Gladys found herself a job and moved out to California.  She ended up findin’ herself a good man too, he drank some, but not like Dick.  His name was Francis, but he never did like that and went by the nickname “Buss.”  After they got established good, they sent for us and Art and I took the train out from Iowa.  That was the first time I saw little Stevie, Gladys’s son.

We had some real good years out there.  Art would spend hours and hours tellin’ stories and teachin’ little Stevie about carpentry.  We moved into an apartment complex in the city where Gladys lived, and was the managers in exchange for rent.  Art did all the fixin’, and Stevie helped.  It was a good time, and as pleasant as I can remember.  I wasn’t always happy, and when I was with the girls (Judy had moved out there to be with us) we mostly fought.  It was always little things, but I guess we was just too much alike.  Cats and dogs when we was together, then miss each other when we wasn’t.  We still managed to have some great camping trips and family times until Art had his stroke.  Glady’s husband was real good to us and bought us a house near to theirs.  We lasted there for a few years until it became too much for Art to maintain, and a real miracle had happened.

Next to where Gladys and Buss lived was an English Commodore.  Sir William Barton had just lost his wife, and was very close to Gladys and Buss. He had a nice old house with an extra bedroom and was kinda lonely. We talked a few times and ended up moving in with him right next to my daughter.  We had cut a gate through the back fence, and it was just like we all lived on the farm together for a while.  There were a few years there that were trouble free.  That will be what I remember later in my life as a period of Shangri-la.  We had BBQ’s in the summer time, gin and tonics on the porch, playing croquet on the fancy dichondra lawn Buss put in… the best of times.

It was a couple of years, but all good things came to a quick end. ‘Bout the same time Commodore Barton dropped dead of an aneurysm, Art went into the VA hospital and lasted a few months before he died, and Judy finally had to be put in a rest home for her MS.  I took an apartment downtown San Carlos and a job at a local clothing shop.  Things went on for a few years like that, then the next round.

Gladys’ husband got Alzheimer’s, she got cancer, and Judy got worse with her MS. Stevie graduated from college and came back home to help. Buss died then, and Gladys died a couple of years after that. I was left with one granddaughter in Chicago, a dying daughter in a rest home, and my grandson to take care of me.  He did the best he could, but had his own life and family.  They helped me with my apartment; I think he gave me $500 a month (from the inheritance from his mother) and we all just got by – somehow.  We wasn’t hurting, but we wasn’t rich.  Just minding our own business, getting by.  Stevie and that girl he married would come by and pick me up for dinner once a week. We’d spend holidays together, sometimes at their house (he got a big one when his parents died) and sometimes at my apartment, but always together.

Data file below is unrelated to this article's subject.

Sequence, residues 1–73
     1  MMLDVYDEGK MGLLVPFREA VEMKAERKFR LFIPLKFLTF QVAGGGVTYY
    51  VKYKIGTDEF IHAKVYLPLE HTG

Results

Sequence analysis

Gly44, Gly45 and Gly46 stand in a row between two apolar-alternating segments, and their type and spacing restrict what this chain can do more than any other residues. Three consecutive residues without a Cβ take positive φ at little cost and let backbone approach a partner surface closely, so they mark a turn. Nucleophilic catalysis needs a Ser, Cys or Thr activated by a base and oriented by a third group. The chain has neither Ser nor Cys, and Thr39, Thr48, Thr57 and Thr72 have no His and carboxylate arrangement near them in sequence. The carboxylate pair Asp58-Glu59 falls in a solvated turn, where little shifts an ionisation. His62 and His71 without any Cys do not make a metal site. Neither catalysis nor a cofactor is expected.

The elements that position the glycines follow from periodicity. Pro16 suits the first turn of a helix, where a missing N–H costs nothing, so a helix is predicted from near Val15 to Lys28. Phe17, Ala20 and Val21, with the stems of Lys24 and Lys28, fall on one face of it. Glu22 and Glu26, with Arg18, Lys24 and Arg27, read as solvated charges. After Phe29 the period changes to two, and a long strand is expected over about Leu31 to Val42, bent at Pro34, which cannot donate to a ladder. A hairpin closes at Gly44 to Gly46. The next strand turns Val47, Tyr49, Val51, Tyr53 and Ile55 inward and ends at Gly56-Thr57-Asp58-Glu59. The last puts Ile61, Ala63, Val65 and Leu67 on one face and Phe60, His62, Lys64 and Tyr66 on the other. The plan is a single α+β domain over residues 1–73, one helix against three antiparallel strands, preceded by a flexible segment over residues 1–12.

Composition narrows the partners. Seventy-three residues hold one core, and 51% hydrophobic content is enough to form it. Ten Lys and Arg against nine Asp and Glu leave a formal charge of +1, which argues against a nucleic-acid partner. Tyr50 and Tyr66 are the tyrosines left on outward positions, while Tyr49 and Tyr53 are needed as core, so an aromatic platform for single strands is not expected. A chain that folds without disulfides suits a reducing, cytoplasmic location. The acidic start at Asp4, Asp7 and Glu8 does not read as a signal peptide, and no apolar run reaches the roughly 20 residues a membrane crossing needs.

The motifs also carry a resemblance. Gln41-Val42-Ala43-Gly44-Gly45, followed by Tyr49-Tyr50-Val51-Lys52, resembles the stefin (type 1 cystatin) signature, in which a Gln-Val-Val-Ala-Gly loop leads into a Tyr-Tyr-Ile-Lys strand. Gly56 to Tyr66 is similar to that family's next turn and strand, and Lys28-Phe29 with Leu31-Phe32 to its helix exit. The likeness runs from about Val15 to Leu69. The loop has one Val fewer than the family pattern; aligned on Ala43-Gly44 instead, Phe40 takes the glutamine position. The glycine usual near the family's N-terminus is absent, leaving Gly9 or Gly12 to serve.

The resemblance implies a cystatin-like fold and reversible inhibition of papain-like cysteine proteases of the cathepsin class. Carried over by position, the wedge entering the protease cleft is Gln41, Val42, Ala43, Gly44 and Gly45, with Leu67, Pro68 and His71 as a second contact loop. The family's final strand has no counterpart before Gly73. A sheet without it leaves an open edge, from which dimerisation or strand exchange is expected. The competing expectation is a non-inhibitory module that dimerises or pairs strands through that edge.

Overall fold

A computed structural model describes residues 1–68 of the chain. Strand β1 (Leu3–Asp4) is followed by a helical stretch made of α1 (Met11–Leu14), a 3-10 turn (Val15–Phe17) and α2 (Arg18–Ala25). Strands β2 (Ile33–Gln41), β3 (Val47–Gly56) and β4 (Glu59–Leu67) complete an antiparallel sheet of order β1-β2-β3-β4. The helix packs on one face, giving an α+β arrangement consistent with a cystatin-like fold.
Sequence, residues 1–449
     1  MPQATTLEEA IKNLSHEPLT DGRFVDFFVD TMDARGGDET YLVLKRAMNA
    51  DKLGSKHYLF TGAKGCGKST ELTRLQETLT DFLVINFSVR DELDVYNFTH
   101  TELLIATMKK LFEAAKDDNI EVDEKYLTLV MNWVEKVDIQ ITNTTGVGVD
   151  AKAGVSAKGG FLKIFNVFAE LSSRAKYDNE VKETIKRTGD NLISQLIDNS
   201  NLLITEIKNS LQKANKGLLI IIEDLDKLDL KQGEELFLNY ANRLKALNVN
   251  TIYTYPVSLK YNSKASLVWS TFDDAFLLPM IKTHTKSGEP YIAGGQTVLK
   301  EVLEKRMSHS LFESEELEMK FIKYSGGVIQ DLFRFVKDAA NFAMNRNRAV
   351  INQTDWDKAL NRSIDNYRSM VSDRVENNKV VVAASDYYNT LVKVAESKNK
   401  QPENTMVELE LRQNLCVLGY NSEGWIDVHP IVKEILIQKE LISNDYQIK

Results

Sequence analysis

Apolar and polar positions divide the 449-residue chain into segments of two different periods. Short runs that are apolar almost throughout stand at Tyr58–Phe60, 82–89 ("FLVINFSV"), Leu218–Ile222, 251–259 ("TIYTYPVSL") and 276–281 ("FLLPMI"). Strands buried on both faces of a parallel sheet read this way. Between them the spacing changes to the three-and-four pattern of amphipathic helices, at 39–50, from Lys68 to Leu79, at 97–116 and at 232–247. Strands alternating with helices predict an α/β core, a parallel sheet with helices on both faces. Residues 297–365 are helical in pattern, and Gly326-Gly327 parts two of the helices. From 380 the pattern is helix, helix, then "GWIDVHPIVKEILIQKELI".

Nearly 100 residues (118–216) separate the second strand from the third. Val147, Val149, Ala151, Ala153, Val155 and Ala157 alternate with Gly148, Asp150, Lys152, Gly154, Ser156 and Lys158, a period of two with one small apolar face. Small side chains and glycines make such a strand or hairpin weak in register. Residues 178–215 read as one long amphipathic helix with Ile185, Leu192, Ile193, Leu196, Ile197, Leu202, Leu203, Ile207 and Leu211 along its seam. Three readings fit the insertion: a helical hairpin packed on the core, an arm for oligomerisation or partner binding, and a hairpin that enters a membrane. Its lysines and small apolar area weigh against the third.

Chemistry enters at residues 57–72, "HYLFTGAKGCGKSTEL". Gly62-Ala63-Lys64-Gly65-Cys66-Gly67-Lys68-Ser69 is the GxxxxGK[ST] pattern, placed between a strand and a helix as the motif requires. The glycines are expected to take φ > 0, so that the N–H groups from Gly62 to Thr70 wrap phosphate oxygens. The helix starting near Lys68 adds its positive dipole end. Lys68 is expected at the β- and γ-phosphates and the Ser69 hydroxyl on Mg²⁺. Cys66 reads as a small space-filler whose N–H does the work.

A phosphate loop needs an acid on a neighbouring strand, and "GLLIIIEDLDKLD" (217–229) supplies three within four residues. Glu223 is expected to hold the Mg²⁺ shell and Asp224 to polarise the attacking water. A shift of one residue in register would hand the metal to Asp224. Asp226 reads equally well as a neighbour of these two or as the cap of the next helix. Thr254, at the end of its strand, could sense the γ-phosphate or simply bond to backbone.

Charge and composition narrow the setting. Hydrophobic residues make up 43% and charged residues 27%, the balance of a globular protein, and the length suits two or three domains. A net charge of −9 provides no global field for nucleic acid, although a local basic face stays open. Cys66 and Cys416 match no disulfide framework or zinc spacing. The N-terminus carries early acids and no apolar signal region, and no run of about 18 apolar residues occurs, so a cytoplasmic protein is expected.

Them people at the social security call me in and give me a “case” worker.  I aint no dam cow, need a “case” worker, but she asks all sort of questions:  how much is my rent, what do I spend on electricity, where is the other money coming from?  I tell her that Stevie helps me some, and we get by.  She tells me that it’s not legal for me to take any money from anybody else while the governments helping me, so to save money she’s gonna have me move out of my apartment into a government subsidized assisted living place that costs them twice as much.  Government nothin’ but a bunch ignert arseholes.

Hell, I don’t know a soul at this big ugly place, and its three cities away from the only kin I got left.  Stevie comes by and takes me out to dinner once a week. ‘Side from that I’m surrounded by dead people. Don’t know why I need to put up with this crap.  All them bossy old ladies playin’ cards and yackin’ away at themselves not saying a damn thing, bunch of dam old men sittin’ around in wheel chairs farting and drooling.  They can’t keep nuthin’ clean.  My back is so bent I’m leaning over like an ant-eater.  I guess it makes it easier to see all the shit all over on the ground.  They call it osteoporoses, but all I know is that my back is crookeder than a dogs hind leg, and this place smells like a big ol lye tank full of horse shit.

I guess I got a bit worked up, and had what they call a minor infarction, whatever the hell that is.  Now I got to go to Stanford and they want to cut me up and put a pig valve in my heart.  For God’s sake why?  I’m 87 years old and getting tired of all this shit anyway.  Just take me out and shoot me like some old dog!

When I wake up my chest is yellow and the room is fuzzy and spinning. There’s sheets on big metal poles around me, and all sort of machines buzzing and clicking.  They have tubes running out my nose and my arms and about everywhere but up my backside.  They tell me they’s taken me to another place to rest up after my surgery, a better place down closer to Stevie and that girl he married and their baby.  We  pull up in a place they call Los Altos, and it’s kind of nice.  They have trees, and grass, and real nurses to help you too.  Ain’t a soul sitting yapping at each other playin’ no cards, or those sick old men in jammies lining the halls.  I get to kind of settle into my own room, and it’s quiet and peaceful.